I found another way to get rid of the critters organically is by sprinkling cornmeal around the plants. The idea is that when the worms eat the cornmeal then drink water, they swell up and burst. I opt for the former “dill weed” pest defense, myself.
In the meantime, it seems like everyone has a good tomato worm story. My friend Stefanie shared one with me (see below) and I hope you will too!
Who’s Afraid of a Little Worm?
When Birgit told me she was creating a strip about tomato worms, the first thing I said to her was my mom chased me around our backyard with one when I was about 8. Maybe I should explain.
I grew up with vegetables. My parents always had a garden. In fact, when it wasn’t a cool to grow your own produce, my dad plowed up a quarter of the backyard of our house in the suburbs to plant vegetables that always included a wide variety of tomatoes. Picking the “crops” was an everyday occurrence for my whole family and I never minded it until my first up close and personal visit with a tomato worm.
In my opinion, tomato worms are some of the nastiest looking pests you’ll ever find in a garden. They are green and plump and they stick themselves to tomato leaves and feast. Since those little munchers are the same color as the plant you don’t see them until you’re right on them and that’s exactly what happened to me. Hello ripe tomato, I’ll put you in the basket. Hello, wait, what’s that?! Ahhhhhhhhhhh!!!!!!! (It’s hard to know how many explanation points to use, I believe the entire neighborhood thought I was on fire.)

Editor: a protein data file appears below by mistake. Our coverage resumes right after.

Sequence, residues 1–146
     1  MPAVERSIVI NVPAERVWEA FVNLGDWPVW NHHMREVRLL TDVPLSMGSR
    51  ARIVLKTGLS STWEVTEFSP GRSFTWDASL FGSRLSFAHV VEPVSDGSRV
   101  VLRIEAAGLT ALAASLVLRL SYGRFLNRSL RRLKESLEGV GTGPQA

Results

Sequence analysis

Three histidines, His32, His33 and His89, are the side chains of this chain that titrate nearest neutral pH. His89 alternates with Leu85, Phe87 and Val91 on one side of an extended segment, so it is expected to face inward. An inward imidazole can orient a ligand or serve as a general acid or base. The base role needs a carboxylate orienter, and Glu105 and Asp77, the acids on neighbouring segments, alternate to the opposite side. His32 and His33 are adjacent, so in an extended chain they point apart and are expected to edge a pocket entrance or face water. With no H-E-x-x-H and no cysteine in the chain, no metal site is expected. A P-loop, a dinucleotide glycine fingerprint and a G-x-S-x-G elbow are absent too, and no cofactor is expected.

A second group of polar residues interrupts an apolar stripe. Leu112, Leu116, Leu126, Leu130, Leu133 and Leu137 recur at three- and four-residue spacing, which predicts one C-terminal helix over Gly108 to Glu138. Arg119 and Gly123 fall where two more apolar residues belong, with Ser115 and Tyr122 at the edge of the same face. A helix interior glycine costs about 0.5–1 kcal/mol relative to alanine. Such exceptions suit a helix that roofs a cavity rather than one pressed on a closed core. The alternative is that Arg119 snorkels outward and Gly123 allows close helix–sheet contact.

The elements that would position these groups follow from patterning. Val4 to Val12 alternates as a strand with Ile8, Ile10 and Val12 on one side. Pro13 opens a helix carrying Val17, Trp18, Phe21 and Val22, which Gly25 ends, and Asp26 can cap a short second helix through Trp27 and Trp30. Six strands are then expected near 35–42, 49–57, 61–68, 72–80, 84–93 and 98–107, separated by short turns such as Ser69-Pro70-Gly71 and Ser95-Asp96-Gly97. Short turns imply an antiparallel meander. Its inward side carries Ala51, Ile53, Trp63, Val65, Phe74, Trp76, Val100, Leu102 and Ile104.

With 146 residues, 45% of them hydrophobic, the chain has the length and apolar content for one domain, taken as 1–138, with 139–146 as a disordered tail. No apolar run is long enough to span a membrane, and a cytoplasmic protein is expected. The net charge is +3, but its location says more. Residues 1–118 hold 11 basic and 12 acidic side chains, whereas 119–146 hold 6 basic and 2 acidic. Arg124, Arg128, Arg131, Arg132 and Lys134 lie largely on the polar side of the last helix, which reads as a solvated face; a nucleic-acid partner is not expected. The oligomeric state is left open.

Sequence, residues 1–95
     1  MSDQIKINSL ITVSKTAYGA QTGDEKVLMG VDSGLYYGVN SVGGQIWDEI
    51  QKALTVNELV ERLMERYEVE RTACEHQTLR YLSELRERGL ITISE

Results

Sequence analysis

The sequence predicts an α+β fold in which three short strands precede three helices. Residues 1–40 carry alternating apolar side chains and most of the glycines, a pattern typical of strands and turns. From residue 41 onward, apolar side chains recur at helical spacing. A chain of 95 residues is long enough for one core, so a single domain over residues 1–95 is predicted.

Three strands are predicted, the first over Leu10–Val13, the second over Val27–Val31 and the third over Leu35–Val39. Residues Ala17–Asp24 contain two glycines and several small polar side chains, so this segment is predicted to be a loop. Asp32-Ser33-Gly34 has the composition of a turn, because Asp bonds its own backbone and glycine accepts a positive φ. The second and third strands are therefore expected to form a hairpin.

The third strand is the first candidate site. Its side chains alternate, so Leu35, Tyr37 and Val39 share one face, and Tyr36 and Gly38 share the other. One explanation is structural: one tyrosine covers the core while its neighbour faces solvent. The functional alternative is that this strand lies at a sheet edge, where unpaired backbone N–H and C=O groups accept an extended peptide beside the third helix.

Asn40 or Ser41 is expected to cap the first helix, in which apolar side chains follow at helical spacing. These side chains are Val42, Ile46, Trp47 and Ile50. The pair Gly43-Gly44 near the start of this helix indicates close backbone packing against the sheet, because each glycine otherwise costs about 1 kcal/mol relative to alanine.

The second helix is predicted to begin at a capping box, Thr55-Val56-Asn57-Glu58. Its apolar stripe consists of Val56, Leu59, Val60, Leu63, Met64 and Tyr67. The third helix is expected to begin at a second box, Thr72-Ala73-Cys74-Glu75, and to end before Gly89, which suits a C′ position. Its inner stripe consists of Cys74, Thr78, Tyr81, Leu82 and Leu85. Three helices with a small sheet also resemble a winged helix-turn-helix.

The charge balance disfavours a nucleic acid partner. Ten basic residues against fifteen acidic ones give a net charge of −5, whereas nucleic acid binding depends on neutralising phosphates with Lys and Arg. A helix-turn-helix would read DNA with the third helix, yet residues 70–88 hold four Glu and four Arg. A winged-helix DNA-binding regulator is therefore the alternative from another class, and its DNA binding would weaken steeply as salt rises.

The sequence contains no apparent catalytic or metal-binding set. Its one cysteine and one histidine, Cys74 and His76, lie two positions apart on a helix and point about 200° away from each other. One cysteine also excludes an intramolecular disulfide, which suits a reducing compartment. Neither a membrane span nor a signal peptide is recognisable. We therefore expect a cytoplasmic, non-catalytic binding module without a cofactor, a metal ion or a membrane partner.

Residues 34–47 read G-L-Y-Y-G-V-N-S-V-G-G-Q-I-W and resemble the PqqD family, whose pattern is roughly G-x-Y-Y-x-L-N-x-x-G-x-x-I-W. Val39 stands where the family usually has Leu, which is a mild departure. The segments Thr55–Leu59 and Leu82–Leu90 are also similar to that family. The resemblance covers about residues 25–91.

My mom was also in the garden. She came over, told me to stop yelling, broke off the leaf with the offending worm and (now here’s where the story becomes a bit cloudy) chased me around the backyard with the wormy leaf. That’s my version. I called my mom to get a little insight before I outed her to the world as someone who would chase her child with a worm and she told me a much different story. Apparently my mom hates tomato worms too, but as a mom, she saw it her duty to protect the crops and set an example for her children. Like she would be afraid of a worm? So she worked up enough courage to break off the tomato leaf and tried to show me it was no big deal. But when she raised the leaf toward me, I thought she was going to touch me with the worm and the screaming chaos ensued.
Thanks to Birgit, my parents will now be planting dill near their tomatoes.
When those commercials come on with the animals sitting in cages waiting to get adopted (you know the ones I’m talking about), I get all weepy and want to rescue them all on my own. That got me to thinking, what is it that animal shelters and rescues really, really want us to know? How can we really help?
So, I gave the Michigan Humane Society a call to find out. In speaking with Kevin Hatman the Public Relations Coordinator, I told him we all understand the importance of donating for care, taking time to walk the sheltered dogs, and adopting. But what else is important for us to be aware of? OK, guys. This is where you cross your legs and wince.
Keep our streets litter free.
He said most importantly it was spaying and neutering the animals. That too many end up as strays, being feral, sick or injured. And worst – can’t find loving homes.
The MHS has “fixed” 270,000 dogs and cats in the last 20 years which has kept exponentially millions of animals off the streets. Was there a number that could make an impression on us, something more relatable, I asked? Well, here’s a biggie. One pair of cats left unchecked could lead to over 300,000 offspring over the course of 7 years. That’s a lot of litter, so to speak.
Who knows what you’re “kids” are doing out there when you’re not watching, so send them out with some protection and help keep our streets safe and litter free.